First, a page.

What do I need to know about roasting a Pork Tenderloin?
Pork Tenderloin, commonly seen in the supermarket, not purchased often enough. Often relegated to the summer season of grilling meat, Pork Tenderloin can be cooked in the oven at any time of the year. Over the last decade, pork has been suggested as “the other white meat.” Making a conscious effort to incorporate different ingredients into our diet is a challenge, and when most of us have the same grocery list week after week, something like the lone Pork Tenderloin is oft passed over.
What is the difference between Pork Tenderloin and Pork Loin?
Both come from a pig. And that is the starting point. As different cuts of meat, they cook for different times and temperatures and require slightly different prep work. Seasonings can be roughly the same, but as an advocate of brining, pork is a meat that highly benefits from an hour or more of brining. When I say an hour or more, a Pork Tenderloin can be brined for as little as a hour, or perhaps a thinly sliced pork chop, but go for a thick roast and the time to brine significantly increases.
Differences between Pork Tenderloin and Pork Loin
- Pork Tenderloin is cut from along the backbone and Pork Loin is cut from the back itself.
- Pork Tenderloin is about 2-3 inches in diameter and a Pork Loin is closer to 5-7.
- Pork Tenderloin never has bones and Pork Loin might or might not.
- Pork Tenderloin cooks faster than Pork Loin (and can therefore be overcooked if cooked for too long at high heat)can be brined for a shorter period of time than a Pork Loin.
How do you brine a Pork Tenderloin?
The best part about brining a Pork Tenderloin is that it is relatively small and easy to work with. With a bowl, salt, spices, water and ice, the process is so simple that you can do it when you get home from work, carting people places, or when you forget to do it first thing in the morning. The technique is to dissolve the salt in the water, add the meat and herbs, add ice to keep it cool, and then let it sit for an hour or so. It is a process that works with poultry as well (although I would recommend longer with poultry).
Brining 101 and Removal the silver skin from the Pork Tenderloin.
- Silver skin removal video
- The meat may look a little hacked, but fret not, it will still cook evenly and it really will not show when it is sliced
- How to brine
At what temperature is pork tenderloin done?
We’ve been taught to cook pork through and through. Cook it too long, it will bounce. Undercooking and pinky-rare is not a good idea either. The rule of thumb is a meat thermometer into the dense middle. The internal temperature should be a minimum of 145-155°F/63-68°C. Brined pork will stay moist. It should never be eaten rare. Period.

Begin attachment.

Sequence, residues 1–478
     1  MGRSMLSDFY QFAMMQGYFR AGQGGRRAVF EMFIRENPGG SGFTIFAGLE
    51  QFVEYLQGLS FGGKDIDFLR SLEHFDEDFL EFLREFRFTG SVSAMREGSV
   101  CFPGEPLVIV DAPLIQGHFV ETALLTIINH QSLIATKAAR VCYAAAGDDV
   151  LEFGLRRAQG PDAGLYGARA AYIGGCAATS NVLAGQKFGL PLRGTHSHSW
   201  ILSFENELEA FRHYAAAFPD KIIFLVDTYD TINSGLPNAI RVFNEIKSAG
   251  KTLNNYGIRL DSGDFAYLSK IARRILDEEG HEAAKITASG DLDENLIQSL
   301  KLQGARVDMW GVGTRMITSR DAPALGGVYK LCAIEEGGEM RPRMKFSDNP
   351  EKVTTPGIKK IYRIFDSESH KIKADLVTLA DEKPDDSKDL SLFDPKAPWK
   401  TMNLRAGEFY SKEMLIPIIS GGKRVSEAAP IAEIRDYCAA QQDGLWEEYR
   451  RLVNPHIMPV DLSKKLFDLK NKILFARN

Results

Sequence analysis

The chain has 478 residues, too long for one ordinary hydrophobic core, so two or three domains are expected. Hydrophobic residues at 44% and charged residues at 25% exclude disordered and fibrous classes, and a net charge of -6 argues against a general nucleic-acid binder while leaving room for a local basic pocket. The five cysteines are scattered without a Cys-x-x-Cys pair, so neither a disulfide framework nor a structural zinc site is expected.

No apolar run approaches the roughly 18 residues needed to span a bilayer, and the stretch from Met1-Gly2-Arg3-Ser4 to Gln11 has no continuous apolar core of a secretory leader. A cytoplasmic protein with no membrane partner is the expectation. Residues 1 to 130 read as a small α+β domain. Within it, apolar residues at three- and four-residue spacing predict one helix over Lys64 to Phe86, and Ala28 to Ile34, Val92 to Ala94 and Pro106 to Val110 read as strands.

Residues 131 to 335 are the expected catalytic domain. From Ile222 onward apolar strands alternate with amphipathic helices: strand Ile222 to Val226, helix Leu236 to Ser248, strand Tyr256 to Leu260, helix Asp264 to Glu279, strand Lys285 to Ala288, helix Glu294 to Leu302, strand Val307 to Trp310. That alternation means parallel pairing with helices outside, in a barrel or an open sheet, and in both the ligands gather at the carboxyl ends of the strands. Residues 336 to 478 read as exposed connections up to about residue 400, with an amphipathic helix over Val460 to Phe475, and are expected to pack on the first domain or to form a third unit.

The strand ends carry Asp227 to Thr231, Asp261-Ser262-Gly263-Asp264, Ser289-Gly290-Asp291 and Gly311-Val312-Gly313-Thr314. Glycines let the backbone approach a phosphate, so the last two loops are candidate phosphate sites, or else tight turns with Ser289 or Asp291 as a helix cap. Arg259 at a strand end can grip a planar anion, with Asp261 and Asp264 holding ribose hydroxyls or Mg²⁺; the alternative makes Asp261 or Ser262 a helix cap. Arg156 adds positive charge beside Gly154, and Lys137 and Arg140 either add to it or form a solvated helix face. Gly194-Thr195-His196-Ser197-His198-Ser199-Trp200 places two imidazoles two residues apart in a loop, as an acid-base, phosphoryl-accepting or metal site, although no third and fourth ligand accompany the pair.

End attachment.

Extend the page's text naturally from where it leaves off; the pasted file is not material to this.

Can you eat pork red in the middle?
See above. NO.
How many minutes per pound do you cook a Pork Tenderloin and at what temperature?
This is the reference chart used in the Bleuberet kitchen. It will give you a variety of cuts of meat. Pork Tenderloin is partway down the first section.
Can you shred a pork tenderloin?
Would not suggest it. It is a piece of muscle that is fairly firm. It is perfect for stuffing-make a hole through the middle or butterfly. A better cut for shredding would be the shoulder, commonly (in shredded pork circles) known as the Boston Butt, is the go to cut. It cooks for hours, does not dry out, and falls apart. A Pork Tenderloin would have to go through a food processor to get the shredding that a Boston Butt will do from a full day of cooking.
These are some of our favorite Pork Tenderloin recipes from others:
Healing + Mending=Comfort
Protein and a colorful veggie were on the shopping list for M2 on her shoulder healing journey. She is doing well, almost out of the sling and 4 weeks along. The weather has turned here in Berlin, everything is in full bloom, and grills are on balconies throughout the city. Pork Tenderloin is one of our favorite summer foods to grill. Do this recipe in the oven or on the grill. Just allow enough time to brine.
- Pork-lean protein for rebuilding muscle
- Sweet Potatoes-fiber, vitamin C, beta-carotene, magnesium, iron, zinc (to name but a few of the healthy nutrients
Quark is the base for the topping used on the pork. What is Quark? It’s a tangy fresh cheese, a cross between Greek yogurt and sour cream. It originates from Germany, where it is spread on bread, used as a dip, pasta sauce or topping for meat. Lower in fat, Quark is not quite as creamy as sour cream. The tang is a great backdrop to fresh herbs, salt and pepper, and the mild pork. Quark is easy to make and/or can be found in the dairy case near the yogurt.
Peel and boil the sweet potatoes, then sprinkle generously with fresh cracked pepper and sea salt. Simple.
Pork Tenderloin and Herbed QuarkPrint Recipe
- 2 pork tenderloins (they are roughly the same size on each cut, look at the weight as cooking reference)
- olive oil
- salt and pepper
- 8oz/230g Quark
- 4 TBSP chopped fresh herbs (thyme, parsley, oregano, chives, mint....)
- salt and pepper
Follow brining recipe steps prior to roasting (see link above).
Allow at least an hour for brining.
Remove Pork Tenderloin from the brine and pat dry.
Preheat oven to 350°F/175°F
Line a baking sheet with foil or use a ceramic baking dish.
Place the tenderloins in the pan.
Drizzle generously with olive oil.
Rub with salt and pepper.
Place in the oven and cook for 35 minutes approximately.
Test with a meat thermometer (145-155°F/63-68°C).
Remove from oven and allow to rest for 5-10 minutes before slicing.
Chop the herbs and blend with the Quark.
Season with salt and pepper to taste.
Slice the tenderloin and top with the Herbed Quark.
Quark can be found in the dairy case usually near the yogurt and/or cream cheese.